STRQUERY - Will rope work here?

What as the O(N^1.5) solution?

@wjmzbmr: Do you mean N=the length of S (or the number of operations performed) or N=the total length of the query strings ? I am curious because one of my initial attempts tried to achieve O(sqrt(total length of the query strings)) per each operation (inserts, deletes, queries) on average. My idea was to keep counts of “small” query strings and to use KMP on the whole of S for “large” query strings (the threshold between “small” and “large” was about sqrt(total length of query strings)). But this turned out to be too slow (but I used STL maps for the counts which increased the complexity).

@mugurelionut both can pass.

I have tried the sqrt(total length of query strings) in testing, but it seems I lack of optimization skills, it run very slow. so I just make the TL a bit tight.

I think that is too slow.

@wjmzbmr,can you please tell me what was your expected data structure(rope/generalised suffix tree/extended suffix array) and please give us tutorial for STRQUERY.

Hi all.

Sorry for delay with the editorial for STRQUERY.
This weekend was full of contests - I’ve participated in 6 :smiley:
Hence only brief editorial for INVBINCF was prepared and no for STRQUERY.
This problem is quite tough and explaining it properly requires some time.
I spend a lot of time only to understand the solution having some short abstract present in author’s code.
Now I completely understand @winger solution and if you wait for one day I will present you a very good editorial so that anyone could understand and implement the solution.

In short, the solution uses dynamic suffix array that supports modification operations at the beginning of the string and count queries. This is achieved by using special balanced binary search tree and it is the toughest part of the problem. Let’s call this data structure as suffix stack.

Then the actual problem can be solved by using 4 suffix stacks - we divide the string into 4 nearly equal pieces such that each modification is performed at the beginning of one of the pieces (two of them are reversed). Also sometimes we should completely rebuild two neighboring suffix stacks (when one of them becomes empty). But this happens only O(log Q) times (the reasoning is the same as in the implementation of disjoint set data structure with linked list).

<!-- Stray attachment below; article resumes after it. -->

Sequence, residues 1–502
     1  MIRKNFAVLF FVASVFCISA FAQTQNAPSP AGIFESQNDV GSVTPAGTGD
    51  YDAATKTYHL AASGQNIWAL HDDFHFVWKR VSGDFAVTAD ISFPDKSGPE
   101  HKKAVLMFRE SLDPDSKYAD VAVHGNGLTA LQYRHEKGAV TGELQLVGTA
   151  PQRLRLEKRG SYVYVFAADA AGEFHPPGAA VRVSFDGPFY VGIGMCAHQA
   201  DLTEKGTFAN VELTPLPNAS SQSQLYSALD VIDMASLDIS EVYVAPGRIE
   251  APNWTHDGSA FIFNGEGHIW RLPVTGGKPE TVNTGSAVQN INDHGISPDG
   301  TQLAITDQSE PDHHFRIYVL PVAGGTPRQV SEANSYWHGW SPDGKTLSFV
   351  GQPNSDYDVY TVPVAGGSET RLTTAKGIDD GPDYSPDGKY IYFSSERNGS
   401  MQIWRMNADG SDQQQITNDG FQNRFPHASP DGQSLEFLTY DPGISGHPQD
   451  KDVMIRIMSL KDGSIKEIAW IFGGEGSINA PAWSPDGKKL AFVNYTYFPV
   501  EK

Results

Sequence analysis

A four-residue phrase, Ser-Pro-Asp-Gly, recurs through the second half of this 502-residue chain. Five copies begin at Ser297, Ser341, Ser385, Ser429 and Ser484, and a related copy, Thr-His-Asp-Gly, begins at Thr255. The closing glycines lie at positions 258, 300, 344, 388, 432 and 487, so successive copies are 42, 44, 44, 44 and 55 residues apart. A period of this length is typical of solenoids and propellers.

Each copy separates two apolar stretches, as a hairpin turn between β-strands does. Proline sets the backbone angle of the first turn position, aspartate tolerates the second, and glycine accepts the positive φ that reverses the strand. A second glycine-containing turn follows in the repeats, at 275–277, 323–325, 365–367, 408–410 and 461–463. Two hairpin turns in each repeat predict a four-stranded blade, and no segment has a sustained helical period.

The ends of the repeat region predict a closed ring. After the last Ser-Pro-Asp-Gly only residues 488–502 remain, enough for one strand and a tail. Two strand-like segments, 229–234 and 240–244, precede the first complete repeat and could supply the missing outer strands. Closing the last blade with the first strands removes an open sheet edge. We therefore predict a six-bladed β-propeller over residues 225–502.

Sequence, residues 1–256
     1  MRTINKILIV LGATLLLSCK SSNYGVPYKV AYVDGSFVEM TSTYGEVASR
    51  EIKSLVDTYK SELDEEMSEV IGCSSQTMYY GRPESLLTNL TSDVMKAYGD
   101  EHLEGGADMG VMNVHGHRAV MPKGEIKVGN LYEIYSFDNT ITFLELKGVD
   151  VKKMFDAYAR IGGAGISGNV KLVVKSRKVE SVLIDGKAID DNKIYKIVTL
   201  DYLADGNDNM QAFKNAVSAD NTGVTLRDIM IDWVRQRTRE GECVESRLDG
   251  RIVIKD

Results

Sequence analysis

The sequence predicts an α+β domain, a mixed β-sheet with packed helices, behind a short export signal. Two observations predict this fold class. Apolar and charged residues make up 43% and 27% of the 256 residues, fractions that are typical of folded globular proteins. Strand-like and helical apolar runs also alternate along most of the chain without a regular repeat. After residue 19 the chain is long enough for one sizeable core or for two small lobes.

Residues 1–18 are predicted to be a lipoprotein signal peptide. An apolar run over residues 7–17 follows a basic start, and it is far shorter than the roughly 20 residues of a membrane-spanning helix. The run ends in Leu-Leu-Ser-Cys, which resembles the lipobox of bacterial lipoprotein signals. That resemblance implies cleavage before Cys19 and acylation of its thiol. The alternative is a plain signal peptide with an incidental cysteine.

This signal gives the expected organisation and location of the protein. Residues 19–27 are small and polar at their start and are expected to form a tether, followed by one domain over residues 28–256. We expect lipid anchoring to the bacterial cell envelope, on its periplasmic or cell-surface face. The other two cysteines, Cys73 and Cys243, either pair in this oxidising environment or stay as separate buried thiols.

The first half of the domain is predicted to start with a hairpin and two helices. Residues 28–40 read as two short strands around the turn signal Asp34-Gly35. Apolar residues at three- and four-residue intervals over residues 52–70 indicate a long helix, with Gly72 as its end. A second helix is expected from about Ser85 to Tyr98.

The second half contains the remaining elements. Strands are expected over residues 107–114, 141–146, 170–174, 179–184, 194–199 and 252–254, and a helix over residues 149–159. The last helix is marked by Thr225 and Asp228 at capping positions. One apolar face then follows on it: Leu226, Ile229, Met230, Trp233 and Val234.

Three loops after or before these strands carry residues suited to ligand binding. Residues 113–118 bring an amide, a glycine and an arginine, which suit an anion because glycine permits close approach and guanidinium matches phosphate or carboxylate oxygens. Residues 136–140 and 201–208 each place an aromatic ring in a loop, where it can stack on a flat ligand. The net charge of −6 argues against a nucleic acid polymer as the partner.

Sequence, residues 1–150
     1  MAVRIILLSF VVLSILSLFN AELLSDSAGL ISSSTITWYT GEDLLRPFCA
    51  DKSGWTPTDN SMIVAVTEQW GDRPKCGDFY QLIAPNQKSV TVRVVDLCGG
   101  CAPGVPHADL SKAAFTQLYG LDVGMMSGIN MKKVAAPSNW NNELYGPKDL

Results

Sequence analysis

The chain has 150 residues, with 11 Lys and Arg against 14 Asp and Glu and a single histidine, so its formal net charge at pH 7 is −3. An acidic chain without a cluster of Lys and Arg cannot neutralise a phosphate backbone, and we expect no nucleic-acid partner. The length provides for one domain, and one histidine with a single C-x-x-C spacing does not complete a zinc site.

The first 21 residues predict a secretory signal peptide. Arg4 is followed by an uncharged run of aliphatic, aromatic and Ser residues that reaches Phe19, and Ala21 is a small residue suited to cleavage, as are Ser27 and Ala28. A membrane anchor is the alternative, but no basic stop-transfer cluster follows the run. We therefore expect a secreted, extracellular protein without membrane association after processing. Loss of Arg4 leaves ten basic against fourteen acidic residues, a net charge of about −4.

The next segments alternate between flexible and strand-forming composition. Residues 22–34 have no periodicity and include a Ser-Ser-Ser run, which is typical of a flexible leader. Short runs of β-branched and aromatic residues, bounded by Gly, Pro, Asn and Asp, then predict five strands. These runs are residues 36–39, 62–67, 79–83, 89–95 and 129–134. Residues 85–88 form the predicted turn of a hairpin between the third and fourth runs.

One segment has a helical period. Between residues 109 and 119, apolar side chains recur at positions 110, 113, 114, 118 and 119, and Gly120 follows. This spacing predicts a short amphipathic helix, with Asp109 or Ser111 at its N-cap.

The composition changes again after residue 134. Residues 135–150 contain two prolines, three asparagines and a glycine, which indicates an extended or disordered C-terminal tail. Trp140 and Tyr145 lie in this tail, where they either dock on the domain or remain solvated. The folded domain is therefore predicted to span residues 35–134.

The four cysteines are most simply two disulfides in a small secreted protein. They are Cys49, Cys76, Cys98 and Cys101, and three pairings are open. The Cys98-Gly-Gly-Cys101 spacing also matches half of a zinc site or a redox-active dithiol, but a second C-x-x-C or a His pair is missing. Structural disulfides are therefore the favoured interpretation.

Also we should count occurrences of query string at the boundary of neighboring pieces. But this is simple. If we have two strings A and B and want to count the number of those occurrences of the string C in concatenation A + B that touch both A and B we create string D of the size at most 2 * |C| by concatenating suffix of A of size min(|A|,|C|-1) and prefix of B of size min(|B|,|C|-1) and then count number of occurrences of C in the string D using any standard algorithm like KMP, Z-Algorithm or hashing in O(|C|+|D|) = O(|C|) time.

It seems that among AC solutions there are many different ideas for mentioned above data structure that supports only modification queries at the beginning, so editorial will cover only one possible solution.


Finally editorial is ready. It is THE LONGEST editorial ever. Check it out here.


To all: My answer was considerably updated.

So, just to see if I got things right… Does the official solution work in the ONLINE mode ? (i.e. it can process a new operation as soon as it reads it) I think many of the AC solutions (mine included) only work in the OFFLINE case (in my solution I initially construct a trie of all the query strings from the input file), so an ONLINE solution would be quite interesting.

@mugurelionut yes.It could be even extended to something like “how many times does string q occur in s after the k-th operation?” in online mode.

the tutorial is written by anton_lunyov, it will become available soon.

read my comment … was getting problem… i think dynamic allocation is the problem

@wjmzbmr: I see… So you can also keep the history/versions of the data structure then… Well, I can’t wait for the editorial, then. In case you based your solution on some papers/tutorials available online (e.g. like the paper suggested by @cyberax), then some links to them would also be appreciated.

I didn’t think on history/versions so don’t expect this in the editorial :slight_smile:
And I don’t know about papers/tutorials that contain this approach.

@anton_lunyov : i am waiting for your tutorial eagerly.
i tried to solved this problem using simple approach but unfortunately was getting WA.I checked the output with my custom test case set with the AC solutions but mine and their output were same.
here is my code link(used KMP algo to count occurrence ):-
It would be great if you can find error in my code or check it against your custom test case set and let me know.
Thanks in Aadvance

@anton_lunyov: Yes, no problem about history/versions :slight_smile: Maybe @wjmzbmr can mention his own ideas (or hints) regarding history/versions after the editorial is published.